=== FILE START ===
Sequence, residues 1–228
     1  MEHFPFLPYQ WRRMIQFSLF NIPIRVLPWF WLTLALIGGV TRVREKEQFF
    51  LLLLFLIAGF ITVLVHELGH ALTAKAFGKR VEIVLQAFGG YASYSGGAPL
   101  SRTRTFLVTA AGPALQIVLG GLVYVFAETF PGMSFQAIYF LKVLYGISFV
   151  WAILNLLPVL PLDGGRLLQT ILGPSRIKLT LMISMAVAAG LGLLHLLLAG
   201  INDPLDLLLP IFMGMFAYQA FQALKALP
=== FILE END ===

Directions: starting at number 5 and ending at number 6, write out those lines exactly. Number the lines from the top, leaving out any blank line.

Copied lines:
   151  WAILNLLPVL PLDGGRLLQT ILGPSRIKLT LMISMAVAAG LGLLHLLLAG
   201  INDPLDLLLP IFMGMFAYQA FQALKALP